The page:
The 3D revolution hasn’t just taken over Hollywood. Access to volumetric 3D imaging of the heart is changing the way interventional procedures are performed, particularly in patients with challenging and complicated anatomy. Meanwhile, the rapid adoption of 3D transesophageal echocardiography is a result of its usefulness to surgeons, but what will be its ultimate role?
The next wave in 3D
Cardiac catheterization is the standard for assessing anatomy and physiology in congenital heart disease (CHD), and fixed projection angiography is typically used to guide congenital cardiovascular interventions. There are drawbacks, however, to the effectiveness of fixed projection angiography, including limitations in soft tissue visualization and imprecise characterization of segmental branch pulmonary arteries, coronary arteries and other complex structures.
“Understanding...three-dimensional anatomy becomes absolutely key in performing these procedures appropriately.”
|Jamil Aboulhosn, MD, director of the Ahmanson/UCLA Congenital Heart Disease Center|
Enter rotational angiography, which has advanced cardiac catheterization by enhancing imaging. In contrast to fixed projection 2D angiography, rotational angiography swings the camera 240 degrees around the patient over four seconds at 30 frames/second during expiratory breath-hold, according to Thomas E. Fagan, MD, of Children’s Hospital Colorado in Aurora.
“With one angiogram, by viewing these structures in such different projections, we start to gain a lot more information depending on the type of structure,” says Fagan.
Studies have shown the technique provides diagnostic quality imaging without increasing contrast or radiation exposure (JACC Cardiovasc Imaging 2010;3:1149-57). It can aid clinicians by revealing the relationship between adjacent structures and helps when carrying out procedures with a risk of serious complications.
Fagan breaks rotational angiography down into three modalities, the first being a single, standard 2D angiogram. The 2D x-ray projection images from the rotational angiogram can then be reconstructed into a 3D image volume set, similar to a CT scanner. The third modality is multiplanar reformatting, which is the simultaneous display of 2D image slices from several orientations simultaneously, allowing the user to scroll through the reconstructed volume one slice at a time.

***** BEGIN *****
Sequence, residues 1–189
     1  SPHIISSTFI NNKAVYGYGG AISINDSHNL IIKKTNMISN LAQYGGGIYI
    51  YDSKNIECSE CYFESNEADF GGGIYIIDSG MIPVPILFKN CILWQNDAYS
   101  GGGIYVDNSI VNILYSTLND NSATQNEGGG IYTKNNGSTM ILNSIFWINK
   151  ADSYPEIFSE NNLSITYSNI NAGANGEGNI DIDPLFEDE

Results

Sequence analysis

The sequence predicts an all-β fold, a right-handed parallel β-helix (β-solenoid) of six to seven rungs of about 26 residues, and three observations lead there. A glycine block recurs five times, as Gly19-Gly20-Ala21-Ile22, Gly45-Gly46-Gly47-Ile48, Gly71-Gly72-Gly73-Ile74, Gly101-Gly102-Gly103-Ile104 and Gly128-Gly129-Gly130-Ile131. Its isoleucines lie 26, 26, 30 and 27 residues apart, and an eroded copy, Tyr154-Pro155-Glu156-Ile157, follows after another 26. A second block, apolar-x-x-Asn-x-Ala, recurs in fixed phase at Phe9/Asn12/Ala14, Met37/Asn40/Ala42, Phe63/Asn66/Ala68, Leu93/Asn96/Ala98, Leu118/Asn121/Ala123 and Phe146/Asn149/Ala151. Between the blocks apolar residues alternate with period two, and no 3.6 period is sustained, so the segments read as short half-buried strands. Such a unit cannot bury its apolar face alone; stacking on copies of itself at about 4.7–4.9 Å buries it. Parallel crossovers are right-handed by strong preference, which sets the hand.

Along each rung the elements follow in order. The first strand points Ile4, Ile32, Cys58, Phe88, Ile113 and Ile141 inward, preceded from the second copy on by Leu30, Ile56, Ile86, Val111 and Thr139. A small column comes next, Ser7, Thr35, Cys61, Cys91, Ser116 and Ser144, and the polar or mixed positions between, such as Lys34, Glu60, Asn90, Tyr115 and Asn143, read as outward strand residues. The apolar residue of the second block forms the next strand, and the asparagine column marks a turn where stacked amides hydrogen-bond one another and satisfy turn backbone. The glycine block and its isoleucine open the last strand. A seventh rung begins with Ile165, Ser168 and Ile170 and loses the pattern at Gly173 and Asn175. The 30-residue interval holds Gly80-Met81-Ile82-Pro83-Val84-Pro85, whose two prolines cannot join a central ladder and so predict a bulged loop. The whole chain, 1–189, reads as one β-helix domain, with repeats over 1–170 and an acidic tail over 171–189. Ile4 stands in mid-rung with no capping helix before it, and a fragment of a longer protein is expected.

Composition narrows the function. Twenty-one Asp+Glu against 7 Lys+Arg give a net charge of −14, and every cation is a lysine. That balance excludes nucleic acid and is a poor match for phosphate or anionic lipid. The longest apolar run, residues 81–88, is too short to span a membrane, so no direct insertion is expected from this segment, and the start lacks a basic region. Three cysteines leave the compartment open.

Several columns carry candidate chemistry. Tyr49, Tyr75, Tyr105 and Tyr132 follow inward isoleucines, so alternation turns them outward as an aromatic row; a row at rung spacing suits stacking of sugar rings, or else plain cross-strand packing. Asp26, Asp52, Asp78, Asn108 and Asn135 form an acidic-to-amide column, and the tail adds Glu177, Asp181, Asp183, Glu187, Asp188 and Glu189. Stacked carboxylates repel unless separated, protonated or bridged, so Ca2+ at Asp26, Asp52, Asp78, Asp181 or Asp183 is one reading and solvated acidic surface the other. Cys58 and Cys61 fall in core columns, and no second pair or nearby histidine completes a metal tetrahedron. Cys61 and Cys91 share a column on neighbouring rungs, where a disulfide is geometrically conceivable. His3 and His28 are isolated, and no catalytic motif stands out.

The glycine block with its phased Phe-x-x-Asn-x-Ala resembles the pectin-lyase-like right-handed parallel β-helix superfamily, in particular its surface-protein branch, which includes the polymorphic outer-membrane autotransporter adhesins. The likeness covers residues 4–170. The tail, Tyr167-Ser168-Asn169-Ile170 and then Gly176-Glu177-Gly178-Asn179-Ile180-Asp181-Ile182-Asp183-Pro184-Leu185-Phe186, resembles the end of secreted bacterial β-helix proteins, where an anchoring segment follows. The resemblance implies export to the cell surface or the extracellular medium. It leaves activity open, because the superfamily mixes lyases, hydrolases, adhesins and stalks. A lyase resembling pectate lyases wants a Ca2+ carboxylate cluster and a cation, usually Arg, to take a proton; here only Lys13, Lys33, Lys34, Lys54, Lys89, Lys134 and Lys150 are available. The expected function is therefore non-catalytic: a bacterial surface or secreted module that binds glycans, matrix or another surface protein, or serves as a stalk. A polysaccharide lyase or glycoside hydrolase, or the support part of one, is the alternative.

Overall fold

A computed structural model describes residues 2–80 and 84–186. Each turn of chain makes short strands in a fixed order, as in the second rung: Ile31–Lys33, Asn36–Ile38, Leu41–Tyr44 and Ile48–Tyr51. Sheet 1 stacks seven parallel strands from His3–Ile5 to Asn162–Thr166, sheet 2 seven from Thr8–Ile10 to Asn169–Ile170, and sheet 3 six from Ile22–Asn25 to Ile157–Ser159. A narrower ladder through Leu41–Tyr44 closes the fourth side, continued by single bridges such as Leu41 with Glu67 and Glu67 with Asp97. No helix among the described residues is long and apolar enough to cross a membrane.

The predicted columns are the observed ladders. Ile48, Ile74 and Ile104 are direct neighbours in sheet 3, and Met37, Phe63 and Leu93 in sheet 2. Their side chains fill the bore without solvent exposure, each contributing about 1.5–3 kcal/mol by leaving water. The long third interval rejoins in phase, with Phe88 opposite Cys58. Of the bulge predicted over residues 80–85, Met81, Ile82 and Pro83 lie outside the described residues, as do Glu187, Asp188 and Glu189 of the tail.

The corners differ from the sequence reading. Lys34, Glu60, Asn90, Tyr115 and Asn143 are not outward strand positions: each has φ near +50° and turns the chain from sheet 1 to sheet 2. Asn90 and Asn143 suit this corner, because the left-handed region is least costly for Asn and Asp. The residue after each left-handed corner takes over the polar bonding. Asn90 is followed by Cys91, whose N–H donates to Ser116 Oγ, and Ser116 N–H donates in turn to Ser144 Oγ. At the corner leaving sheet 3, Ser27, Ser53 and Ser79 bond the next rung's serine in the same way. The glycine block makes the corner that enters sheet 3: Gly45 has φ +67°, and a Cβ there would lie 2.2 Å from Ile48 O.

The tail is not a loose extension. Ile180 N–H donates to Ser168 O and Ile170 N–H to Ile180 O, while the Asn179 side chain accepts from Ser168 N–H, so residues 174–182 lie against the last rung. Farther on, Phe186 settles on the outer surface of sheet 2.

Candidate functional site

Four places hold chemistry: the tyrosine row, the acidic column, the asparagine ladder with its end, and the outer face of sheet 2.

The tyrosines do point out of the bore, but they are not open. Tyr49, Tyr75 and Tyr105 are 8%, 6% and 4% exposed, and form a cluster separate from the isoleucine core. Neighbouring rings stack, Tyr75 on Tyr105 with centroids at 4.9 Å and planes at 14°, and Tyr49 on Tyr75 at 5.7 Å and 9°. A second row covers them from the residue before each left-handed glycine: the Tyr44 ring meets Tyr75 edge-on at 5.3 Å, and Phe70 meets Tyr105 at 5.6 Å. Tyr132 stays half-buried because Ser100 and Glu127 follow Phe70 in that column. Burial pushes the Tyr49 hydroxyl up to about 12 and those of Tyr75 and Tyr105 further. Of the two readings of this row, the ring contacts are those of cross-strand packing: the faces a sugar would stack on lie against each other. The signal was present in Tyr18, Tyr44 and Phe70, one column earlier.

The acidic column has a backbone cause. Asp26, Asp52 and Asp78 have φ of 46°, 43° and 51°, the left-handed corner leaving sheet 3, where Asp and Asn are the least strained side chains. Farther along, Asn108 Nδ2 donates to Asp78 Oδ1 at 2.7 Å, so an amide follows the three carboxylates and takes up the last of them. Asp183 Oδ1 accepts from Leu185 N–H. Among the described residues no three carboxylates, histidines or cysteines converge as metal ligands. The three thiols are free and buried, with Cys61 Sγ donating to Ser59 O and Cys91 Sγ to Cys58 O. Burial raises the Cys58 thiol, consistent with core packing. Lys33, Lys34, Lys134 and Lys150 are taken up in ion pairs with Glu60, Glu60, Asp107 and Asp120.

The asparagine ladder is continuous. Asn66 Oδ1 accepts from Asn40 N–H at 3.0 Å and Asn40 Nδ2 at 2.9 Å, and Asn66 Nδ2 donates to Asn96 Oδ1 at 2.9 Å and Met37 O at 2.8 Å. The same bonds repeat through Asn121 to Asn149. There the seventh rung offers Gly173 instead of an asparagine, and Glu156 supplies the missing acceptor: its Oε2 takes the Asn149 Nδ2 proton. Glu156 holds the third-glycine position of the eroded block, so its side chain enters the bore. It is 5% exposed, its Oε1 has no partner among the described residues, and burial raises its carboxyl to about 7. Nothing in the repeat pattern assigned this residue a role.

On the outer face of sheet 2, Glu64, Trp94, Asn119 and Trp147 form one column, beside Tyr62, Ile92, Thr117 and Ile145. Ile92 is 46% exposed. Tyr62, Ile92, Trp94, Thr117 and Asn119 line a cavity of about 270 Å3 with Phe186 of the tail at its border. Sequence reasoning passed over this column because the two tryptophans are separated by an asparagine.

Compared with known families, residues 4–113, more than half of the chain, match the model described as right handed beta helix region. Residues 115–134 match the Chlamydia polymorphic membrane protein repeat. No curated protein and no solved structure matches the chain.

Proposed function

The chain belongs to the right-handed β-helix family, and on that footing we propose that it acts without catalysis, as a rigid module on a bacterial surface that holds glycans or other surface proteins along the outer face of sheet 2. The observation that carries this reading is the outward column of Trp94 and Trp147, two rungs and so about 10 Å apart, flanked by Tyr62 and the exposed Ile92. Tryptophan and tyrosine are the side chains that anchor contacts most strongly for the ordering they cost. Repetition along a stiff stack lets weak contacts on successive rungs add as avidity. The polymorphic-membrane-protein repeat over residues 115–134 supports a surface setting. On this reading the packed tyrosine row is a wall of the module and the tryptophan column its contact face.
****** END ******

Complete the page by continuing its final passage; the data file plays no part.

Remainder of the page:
Recently, Fagan and colleagues evaluated the overall diagnostic utility of all three rotational angiography modalities. A pair of reviewers assigned to each modality subjectively rated the utility compared with standard angiograms, and in more than 60 percent of cases, more information was gained using rotational angiography. In 80 percent of cases, it was at least as useful as the standard.
Next steps involve looking at those 20 percent of cases where there was no added benefit and determining when the technology should be applied. There are also some limitations with temporal distortions caused by cardiac motion. Logistically, having the camera in motion requires forethought when setting up a procedure. “You’ve got a very large piece of equipment moving very quickly around a patient,” says Fagan, which means extra care must be taken to make sure people along with cables, tubes and other equipment don’t interfere with the camera’s movement.
The 3D roadmap
3D rotational angiography, CT or MR images can be integrated with fluoroscopy to provide a roadmap to help interventionalists. “Once you bring [the 3D image in] and you step on the fluoro, the 3D image will appear right over the structures that we intend to work with,” says Fagan.
Jamil Aboulhosn, MD, director of the Ahmanson/UCLA Congenital Heart Disease Center, and colleagues have been pushing the envelope on the utilization of 3D overlays, and he explains the leap in technology is akin to the advancement in video games from pixelated Pac-Man in the 1980s to the realistic 3D games of today.
These 3D techniques are invaluable in cases of patients with unusual anatomy such as an upside-down heart or in people born with single ventricle defects. “For all of these things, traditional imaging and assumptions are challenged,” says Aboulhosn. “Understanding roadmaps and three dimensional anatomy becomes absolutely key in performing these procedures appropriately.”
Without the overlay, performing cath lab procedures can be like guiding a wire through shadows and shades of grey. Bringing in a 3D model is similar to dropping the roadmap